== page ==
Simultaneous Triple-Balloon Inflation Technique within a 6 Fr Guiding Catheter for a Trifurcation Lesion
- Volume 20 - Issue 7 - July, 2008
- Posted on: 8/1/08
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Percutaneous coronary intervention of bifurcation lesions is associated with lower procedural success rates and an increased incidence of subsequent major adverse cardiac events and restenosis.1,2 Several reasons may be offered. The implantation of a stent in a main branch may cause severe stenosis or even occlusion at the ostium of the side branch. On the other hand, if the struts of a stent are opened toward the side branch, this may result in subsequent stent deformation at the main branch.3 To protect the side branch, a two-stent strategies such as crush stenting, Y-stenting or T-stenting were proposed. However, these complex strategies did not improve the outcome for bifurcation lesions.4–6 In order to secure the ostial lumen dimension of both branches, final simultaneous kissing-balloon inflation is preferable according to the current consensus. In actual clinical settings, we occasionally encountered trifurcation lesions, especially around the left main coronary artery (LMCA) According to the SYNergy between PCI with TAXUS and cardiac surgery (SYNTAX) score, which indicates the complexity of coronary artery disease, trifurcation lesions have a higher score than bifurcation lesions, thus they are presumed difficult to treat.7 A few challenging case reports included a simultaneous triple-balloon inflation technique (the so-called “ménage à trois”).8–10 One of potential limitations of simultaneous triple-balloon inflation is the requirement of a larger guiding catheter that can accommodate three guidewires and balloons. Recently, several types of 0.010 inch guidewires and 0.010 inch guidewire-compatible balloon catheters that potentially allow for downsizing the catheter systems have become available in Japanese centers.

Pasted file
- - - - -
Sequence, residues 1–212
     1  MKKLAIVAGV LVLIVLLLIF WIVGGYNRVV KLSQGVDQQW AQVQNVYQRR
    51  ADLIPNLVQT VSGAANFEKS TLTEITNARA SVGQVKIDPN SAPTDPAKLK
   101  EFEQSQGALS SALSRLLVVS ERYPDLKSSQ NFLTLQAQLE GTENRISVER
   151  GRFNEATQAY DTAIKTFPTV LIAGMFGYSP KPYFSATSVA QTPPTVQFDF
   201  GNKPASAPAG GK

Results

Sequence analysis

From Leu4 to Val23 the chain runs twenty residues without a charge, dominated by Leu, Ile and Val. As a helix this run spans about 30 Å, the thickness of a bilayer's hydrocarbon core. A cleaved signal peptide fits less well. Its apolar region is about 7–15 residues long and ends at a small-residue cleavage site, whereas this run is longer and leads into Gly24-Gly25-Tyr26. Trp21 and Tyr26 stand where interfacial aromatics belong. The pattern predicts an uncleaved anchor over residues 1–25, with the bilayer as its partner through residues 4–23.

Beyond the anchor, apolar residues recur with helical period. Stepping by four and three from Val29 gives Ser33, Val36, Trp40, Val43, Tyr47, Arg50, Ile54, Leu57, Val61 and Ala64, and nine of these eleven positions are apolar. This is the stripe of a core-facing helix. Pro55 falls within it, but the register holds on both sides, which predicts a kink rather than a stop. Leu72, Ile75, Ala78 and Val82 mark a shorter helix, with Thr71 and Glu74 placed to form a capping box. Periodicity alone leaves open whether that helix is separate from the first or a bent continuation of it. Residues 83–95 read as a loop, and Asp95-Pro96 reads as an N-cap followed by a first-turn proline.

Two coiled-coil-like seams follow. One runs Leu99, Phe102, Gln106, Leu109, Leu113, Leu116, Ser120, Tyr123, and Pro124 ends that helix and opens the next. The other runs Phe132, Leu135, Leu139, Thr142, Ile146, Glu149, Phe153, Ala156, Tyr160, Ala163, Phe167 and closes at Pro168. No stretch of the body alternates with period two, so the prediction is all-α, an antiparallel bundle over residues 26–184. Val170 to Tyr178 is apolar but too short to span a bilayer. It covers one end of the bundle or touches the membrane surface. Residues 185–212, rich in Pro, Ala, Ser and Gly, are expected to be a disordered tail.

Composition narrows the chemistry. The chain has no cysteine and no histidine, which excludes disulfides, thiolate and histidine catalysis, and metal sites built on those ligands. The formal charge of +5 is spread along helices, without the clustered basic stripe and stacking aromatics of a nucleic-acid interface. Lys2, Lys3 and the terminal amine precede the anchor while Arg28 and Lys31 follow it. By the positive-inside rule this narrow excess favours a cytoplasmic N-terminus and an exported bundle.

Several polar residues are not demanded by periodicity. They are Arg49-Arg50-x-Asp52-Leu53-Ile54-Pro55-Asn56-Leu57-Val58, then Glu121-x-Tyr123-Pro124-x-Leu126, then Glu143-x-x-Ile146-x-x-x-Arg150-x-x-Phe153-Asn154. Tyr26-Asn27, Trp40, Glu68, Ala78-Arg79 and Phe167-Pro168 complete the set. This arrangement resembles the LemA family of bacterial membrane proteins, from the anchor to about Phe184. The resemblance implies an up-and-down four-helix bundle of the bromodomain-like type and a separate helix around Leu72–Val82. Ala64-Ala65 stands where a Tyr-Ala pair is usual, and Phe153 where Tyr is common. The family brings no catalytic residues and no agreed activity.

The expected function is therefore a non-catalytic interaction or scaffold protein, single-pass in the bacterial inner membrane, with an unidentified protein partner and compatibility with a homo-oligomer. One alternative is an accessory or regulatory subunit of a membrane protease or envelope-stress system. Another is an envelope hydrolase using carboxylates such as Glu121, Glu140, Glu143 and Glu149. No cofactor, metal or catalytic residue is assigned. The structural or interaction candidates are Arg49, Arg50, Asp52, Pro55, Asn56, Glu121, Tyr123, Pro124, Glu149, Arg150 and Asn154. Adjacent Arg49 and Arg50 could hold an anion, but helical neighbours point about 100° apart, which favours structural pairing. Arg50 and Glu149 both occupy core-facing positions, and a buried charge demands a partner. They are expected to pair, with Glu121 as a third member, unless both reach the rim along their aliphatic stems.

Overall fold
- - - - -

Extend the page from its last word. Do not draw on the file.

Here we report two cases of trifurcation lesions that were successfully treated via simultaneous triple-balloon inflation using a 6 Fr guiding catheter with these “slender devices” via a transradial approach.